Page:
It is commonly accepted that fiduciaries of participant- directed plans, such as 401(k) plans, have a duty to select, monitor, and remove investments prudently.
The threshold question is whether a fiduciary’s duty to remove investments applies to individual investments or whether the decisions are judged on the basis of the investments in the aggregate. The trial court in DeFelice v. US Airways, Inc., applied an aggregate test. Based on that court’s reasoning, there is no need to remove an investment option, regardless of its individual merits, so long as there is an adequate number of investments to satisfy modern portfolio theory and to balance the risk and return characteristics of the portfolio. Put another way, if prudence is judged solely on the basis of the investment options in the aggregate, there is no need for a fiduciary to consider the prudence of an individual investment.
The court was wrong. The duty of fiduciaries is to select, monitor, and remove individual investments prudently, in addition to considering the portfolio as a whole. It is not an “either-or” scenario; both requirements must be satisfied.
The DOL made it clear in the preamble of a regulation that its view is that the prudent selection of investments incorporates both a consideration of the individual investments and the portfolio.
The regulation, however, is not intended to suggest either that any relevant or material attributes of a contemplated investment may properly be ignored or disregarded, or that a particular plan investment should be deemed to be prudent solely by reason of the propriety of the aggregate risk/return characteristics of the plan’s portfolio. Rather, it is the Department’s view that an investment reasonably designed—as part of the portfolio—to further the purposes of the plan, and that is made upon appropriate consideration of the surrounding facts and circumstances, should not be deemed to be imprudent merely because the investment, standing alone, would have, for example, a relatively high degree of risk.
To appreciate the importance of the DOL guidance, consider the unique characteristics of participant-directed plans. While participants can decide which of the offered investments to use, they cannot decide which investments are offered—that job belongs to the fiduciaries. In fulfilling that responsibility, ERISA requires, in effect, that the fiduciaries make a legal “promise” to the participants that each of the investment options is selected and monitored prudently (and removed, if it is no longer a prudent choice) and that the lineup of options offered to the participants is prudent in the aggregate.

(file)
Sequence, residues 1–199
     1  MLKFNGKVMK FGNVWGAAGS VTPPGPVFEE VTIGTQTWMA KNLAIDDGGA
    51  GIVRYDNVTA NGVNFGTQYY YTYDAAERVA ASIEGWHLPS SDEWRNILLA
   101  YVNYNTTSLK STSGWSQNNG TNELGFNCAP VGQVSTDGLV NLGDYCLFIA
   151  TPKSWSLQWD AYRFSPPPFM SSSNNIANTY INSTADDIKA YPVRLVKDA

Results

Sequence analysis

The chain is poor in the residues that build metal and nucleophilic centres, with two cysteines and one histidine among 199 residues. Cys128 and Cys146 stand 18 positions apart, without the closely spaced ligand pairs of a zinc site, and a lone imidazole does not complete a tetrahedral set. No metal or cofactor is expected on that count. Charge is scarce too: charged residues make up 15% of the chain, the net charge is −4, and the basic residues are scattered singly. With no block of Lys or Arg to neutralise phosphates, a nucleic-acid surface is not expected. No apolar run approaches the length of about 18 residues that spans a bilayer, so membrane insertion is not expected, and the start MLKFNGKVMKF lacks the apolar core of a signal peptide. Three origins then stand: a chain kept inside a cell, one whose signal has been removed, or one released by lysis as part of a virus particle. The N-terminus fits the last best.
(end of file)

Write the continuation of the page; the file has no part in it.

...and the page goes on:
Why is this the case? Unless a participant’s account is professionally managed, the participant must put together a portfolio in his account that is allocated among different categories of investments to create an appropriate blend of risk and return. If the investment choices are not prudent in the aggregate (for example, if the investments do not constitute a broad range that allows participants to balance risk and reward by selecting among them), the participants could not construct portfolios according to their needs. On the other hand, if some or even all of the investments were individually imprudent, then even a well-constructed portfolio would likely underperform. Thus, each investment must be prudent and suitable on a stand-alone basis, and the lineup of investments must be prudent in the aggregate. In describing the obligations of fiduciaries, one court said that, “[o]nce an investment has been made, a fiduciary has an ongoing duty to monitor investments with reasonable diligence and remove plan assets from an investment that is improper.”
Returning to my earlier statement that “the court was wrong,” it was not as brazen as it may have seemed. The 4th Circuit Court of Appeals subsequently reversed the trial court saying:
“[A] fiduciary must initially determine, and continue to monitor, the prudence of each investment option available to plan participants.”